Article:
And this does make sense! After all, we already know hormones like oestrogen and progesterone have an impact on the way our gut operates - hence the dreaded period poops.

Just before your period, your body releases hormones known as prostaglandins. These hormones have various roles in your body, including encouraging your uterine lining to shed.  However, prostaglandins can also make other muscles in the area contract - including in your intestines and bowels, which is why you might find you need to go to the toilet more often during this time - and why IBS symptoms might feel worse during this phase of your menstrual cycle.  

However, it is not just the changes in our menstrual cycle that can exacerbate symptoms. It seems like IBS symptoms can be more severe around the time when hormones are going through huge changes - such as menopause and pregnancy. 


IBS and Endometriosis


We couldn’t talk about IBS without talking about Endometriosis. Whilst the two are completely different conditions there is a lot of crossover with symptoms. Abdominal pain - check. Uncomfortable bloating - check. Gut health issues - check!. This can often lead to Endometriosis (which is notoriously difficult to get a diagnosis for) being misdiagnosed as IBS. This can sometimes mean a patient is referred down a completely incorrect treatment pathway which can add years to the already frustrating process of getting the support they actually need.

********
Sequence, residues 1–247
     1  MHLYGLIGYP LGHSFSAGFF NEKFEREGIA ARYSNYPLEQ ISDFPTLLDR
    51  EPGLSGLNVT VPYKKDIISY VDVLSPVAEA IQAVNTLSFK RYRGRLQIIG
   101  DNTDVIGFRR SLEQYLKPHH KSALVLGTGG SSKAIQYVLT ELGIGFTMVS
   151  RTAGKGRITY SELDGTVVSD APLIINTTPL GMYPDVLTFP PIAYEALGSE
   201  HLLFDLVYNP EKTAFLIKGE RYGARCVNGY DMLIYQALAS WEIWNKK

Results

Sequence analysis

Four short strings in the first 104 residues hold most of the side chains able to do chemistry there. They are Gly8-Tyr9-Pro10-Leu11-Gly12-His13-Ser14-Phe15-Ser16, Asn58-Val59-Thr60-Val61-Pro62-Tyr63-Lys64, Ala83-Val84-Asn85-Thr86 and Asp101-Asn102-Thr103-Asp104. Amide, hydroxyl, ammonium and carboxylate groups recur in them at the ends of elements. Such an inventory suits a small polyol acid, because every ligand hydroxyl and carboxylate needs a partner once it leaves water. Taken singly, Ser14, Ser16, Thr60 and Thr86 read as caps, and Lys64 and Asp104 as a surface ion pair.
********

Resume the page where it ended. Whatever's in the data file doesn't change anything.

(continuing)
Everyone's endo and IBS will present differently, but if you are struggling with things like heavy periods or painful sex, these are not common signs of IBS - so make sure you highlight these to your doctor. 

However, it is possible to have both conditions at the same time - and in fact, people with endo are three times more likely to have irritable bowel syndrome as well.  Reducing inflammation can help to manage symptoms of both IBS and Endo - and this can often be done through lifestyle changes. 

How To Manage IBS Symptoms


Just like endometriosis, the symptoms of IBS can have a huge impact on your quality of life. There is no signal cure for IBS but adapting your diet and lifestyle can help to reduce the severity of symptoms.


Keep a food diary - Everyone’s gut microbiome is different, so our symptoms can differ a lot. Understanding what foods make your IBS symptoms worse and when things are calmer can help you understand what makes your gut happy.


Reduce or eliminate trigger foods - Once you understand your trigger foods, you can adapt your diet and start to reduce foods that exacerbate symptoms. Some common trigger foods include milk, carbonated beverages, fried foods and alcohol. 


Eat homemade meals - Another great way to manage your diet is to focus on homemade meals. Cooking meals from scratch will naturally reduce the amount of processed foods in your diet. 


Reduce stress - Are mental health, menstrual health and gut health all intrinsically linked so managing your stress levels can help to reduce symptoms of IBS. 


Take a probiotic - Probiotics can help restore the natural balance of bacteria in the gut which can be disrupted by IBS - and make symptoms even worse. Finding a probiotic that is created with your hormonal balance in mind - like our MyProbiotic - can also help if you want to support your menstrual health at the same time.